Gosh, I'm beginning to understand the doctor's disdain for this courtroom...

The defense takes the stand and narrows in on the fact that the doctor says Brijanna sang a lot to cope. He tries to suggest that she's actually singing because she's happy, and she must be happy because she's musically talented. (?)

They talk a bit about the sexual abuse. The defense suggests that Brijanna made the whole abuse story up, and the doctor is shocked and says no, She does eventually admit that the hospital report says she wasn't sexually abused, but that in her professional opinion it was just a matter of time before it got to that point. The defense makes a few snide remarks about the doctor being a crappy doctor and then dismisses her.

They call a detective to the stand, and he also makes the mistake of saying Brijanna was abused, and instead of just calling it out as hearsay or unfounded, the judge gives another long speech about how people are INNOCENT until proven GUILTY beyond reasonable doubt (and, yes, the book says she emphasizes those words).

This part isn't terribly interesting, it's just a detailed explanation of them talking with Brijanna. She said she'd been beaten and insinuated she'd been sexually abused but didn't say so explicitly. The defense claims again that she made the whole thing up because she wasn't detailed enough, but the detective says it was very confusing and she was bruised and terrified.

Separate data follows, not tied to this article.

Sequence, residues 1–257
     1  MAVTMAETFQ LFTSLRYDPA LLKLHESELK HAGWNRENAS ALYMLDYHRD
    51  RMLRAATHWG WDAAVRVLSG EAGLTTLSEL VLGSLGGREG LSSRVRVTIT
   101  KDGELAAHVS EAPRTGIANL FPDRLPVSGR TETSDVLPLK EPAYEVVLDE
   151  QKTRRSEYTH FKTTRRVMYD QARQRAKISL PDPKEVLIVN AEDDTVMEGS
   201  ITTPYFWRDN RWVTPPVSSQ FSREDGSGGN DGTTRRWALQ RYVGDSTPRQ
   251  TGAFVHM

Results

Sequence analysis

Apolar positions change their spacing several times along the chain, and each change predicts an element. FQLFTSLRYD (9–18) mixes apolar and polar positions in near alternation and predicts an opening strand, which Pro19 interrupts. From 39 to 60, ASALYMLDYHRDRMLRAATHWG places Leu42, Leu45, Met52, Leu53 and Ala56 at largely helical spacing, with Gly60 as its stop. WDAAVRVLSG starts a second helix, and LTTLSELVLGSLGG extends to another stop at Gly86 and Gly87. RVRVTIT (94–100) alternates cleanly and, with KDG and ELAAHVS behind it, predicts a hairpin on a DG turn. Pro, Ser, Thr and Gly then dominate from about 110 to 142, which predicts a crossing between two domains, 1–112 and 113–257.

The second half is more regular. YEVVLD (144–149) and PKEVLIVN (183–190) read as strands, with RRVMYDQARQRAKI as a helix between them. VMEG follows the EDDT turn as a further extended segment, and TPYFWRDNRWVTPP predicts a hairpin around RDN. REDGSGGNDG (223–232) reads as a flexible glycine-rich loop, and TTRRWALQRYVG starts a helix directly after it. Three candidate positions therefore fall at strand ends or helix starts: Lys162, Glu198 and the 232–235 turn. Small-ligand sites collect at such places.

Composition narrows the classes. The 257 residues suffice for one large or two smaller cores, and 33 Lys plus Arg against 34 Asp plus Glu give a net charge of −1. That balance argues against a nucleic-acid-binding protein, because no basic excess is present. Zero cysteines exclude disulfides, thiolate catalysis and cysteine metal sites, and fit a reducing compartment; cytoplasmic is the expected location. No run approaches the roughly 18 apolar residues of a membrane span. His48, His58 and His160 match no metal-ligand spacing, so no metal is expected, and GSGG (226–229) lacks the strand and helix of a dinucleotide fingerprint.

As he eyed the twelve jurors, he noticed one of them smiling at someone in the courtroom. Another was scratching her head and yawning. Obviously, some of the jurors were not paying attention to the testimony.  
He turned to look at the witness. Then suddenly, trying to capture the jurors’ attention, he yelled, “Detective!” His action startled everyone in the room. “Was Janna sexually abused or not?”
They're not paying attention... time for some BIG DRAMATIC MOMENTS!

They reiterate once again that she wasn't actually sexually abused. But here's the thing: Brijanna apparently never outright said she was, so this doesn't discredit her. She did say she was beaten, and there does seem to be proof of that. The defense tries to paint it as "only a confused twelve-year-old girl's word" but let me tell you, if I was on the jury, I'd be pretty convinced.